"[T]he information on hand to plaintiff at any one time, considered in the light of the limitations upon her competence, and the circumstances already reviewed, was not sufficient to put her on notice that the trading of her account was excessiveuntil she was so advised by her income tax accounts (sic) in March, 1964the date we find to be the date of discovery so far as `excessive' trading is concerned." 283 F. Supp. at 441.

In light of the facts developed at the evidentiary hearing held in this case, this Court cannot now conclude that plaintiff here was so much more sophisticated an investor than Mrs. Hecht as to justify concluding that the confirmation slips and statements furnished plaintiff by the defendants gave plaintiff information "sufficient to put [him] on notice that the trading of [his] account was excessive * * *." The information furnished plaintiff did not therefore provide him with "notice of facts which, in the exercise of due diligence, would have led to actual knowledge of the violation." Goldenberg v. Bache & Co., supra, 270 F.2d at 681. As the district court in Tobacco and Allied Stocks, Inc. v. Transamerica Corp., supra, observed:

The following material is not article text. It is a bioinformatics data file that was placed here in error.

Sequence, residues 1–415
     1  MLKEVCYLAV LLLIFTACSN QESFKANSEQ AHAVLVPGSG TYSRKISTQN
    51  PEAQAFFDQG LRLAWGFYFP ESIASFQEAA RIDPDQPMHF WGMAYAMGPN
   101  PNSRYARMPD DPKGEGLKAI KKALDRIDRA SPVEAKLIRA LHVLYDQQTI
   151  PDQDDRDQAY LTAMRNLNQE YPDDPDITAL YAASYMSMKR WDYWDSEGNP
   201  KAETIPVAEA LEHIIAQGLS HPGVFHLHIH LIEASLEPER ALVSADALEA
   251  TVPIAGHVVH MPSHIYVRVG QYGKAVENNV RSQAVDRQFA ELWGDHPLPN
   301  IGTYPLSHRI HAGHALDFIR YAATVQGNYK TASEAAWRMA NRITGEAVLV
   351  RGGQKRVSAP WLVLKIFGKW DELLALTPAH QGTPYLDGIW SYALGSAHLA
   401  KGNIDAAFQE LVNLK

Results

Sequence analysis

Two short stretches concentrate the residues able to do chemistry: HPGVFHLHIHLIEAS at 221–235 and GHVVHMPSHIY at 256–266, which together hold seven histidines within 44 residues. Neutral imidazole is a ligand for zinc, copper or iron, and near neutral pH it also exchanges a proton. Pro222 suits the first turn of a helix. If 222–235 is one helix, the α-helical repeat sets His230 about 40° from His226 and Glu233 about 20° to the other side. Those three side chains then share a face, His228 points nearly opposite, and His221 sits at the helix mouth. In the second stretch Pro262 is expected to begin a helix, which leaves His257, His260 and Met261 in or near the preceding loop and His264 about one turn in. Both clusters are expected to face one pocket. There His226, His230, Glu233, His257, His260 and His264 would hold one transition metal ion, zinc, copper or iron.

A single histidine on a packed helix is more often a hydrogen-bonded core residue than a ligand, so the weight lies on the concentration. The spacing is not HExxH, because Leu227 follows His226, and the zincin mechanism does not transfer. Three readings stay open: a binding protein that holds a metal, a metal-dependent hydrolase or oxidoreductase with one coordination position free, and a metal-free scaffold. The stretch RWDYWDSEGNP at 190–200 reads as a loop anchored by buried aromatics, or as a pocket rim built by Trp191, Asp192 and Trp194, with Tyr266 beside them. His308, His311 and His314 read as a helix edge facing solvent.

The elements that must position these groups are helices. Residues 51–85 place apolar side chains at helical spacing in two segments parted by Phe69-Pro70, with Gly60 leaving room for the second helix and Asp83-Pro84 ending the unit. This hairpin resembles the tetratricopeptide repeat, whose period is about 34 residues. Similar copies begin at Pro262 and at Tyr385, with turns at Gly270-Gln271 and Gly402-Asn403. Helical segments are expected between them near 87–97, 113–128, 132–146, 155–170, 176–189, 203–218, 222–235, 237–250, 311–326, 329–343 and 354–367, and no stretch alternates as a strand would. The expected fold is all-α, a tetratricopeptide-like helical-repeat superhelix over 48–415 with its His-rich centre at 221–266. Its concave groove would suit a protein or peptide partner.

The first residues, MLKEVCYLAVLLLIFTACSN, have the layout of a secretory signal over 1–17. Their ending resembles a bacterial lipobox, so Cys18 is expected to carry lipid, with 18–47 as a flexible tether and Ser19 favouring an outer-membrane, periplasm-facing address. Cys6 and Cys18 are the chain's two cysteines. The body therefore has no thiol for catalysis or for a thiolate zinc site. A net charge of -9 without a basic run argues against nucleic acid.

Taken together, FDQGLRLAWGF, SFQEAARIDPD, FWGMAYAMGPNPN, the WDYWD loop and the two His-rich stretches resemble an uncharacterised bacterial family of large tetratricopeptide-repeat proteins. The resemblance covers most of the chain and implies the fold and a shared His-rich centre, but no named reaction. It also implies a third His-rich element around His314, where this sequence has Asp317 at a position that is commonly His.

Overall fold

"[T]he duty of reasonable diligence is an obligation imposed by law solely under the peculiar circumstances of each case, including existence of a fiduciary relationship, concealment of the fraud, opportunity to detect it, * * * sophistication and expertise in the financial community, and knowledge of related proceedings." 143 F. Supp. at 331.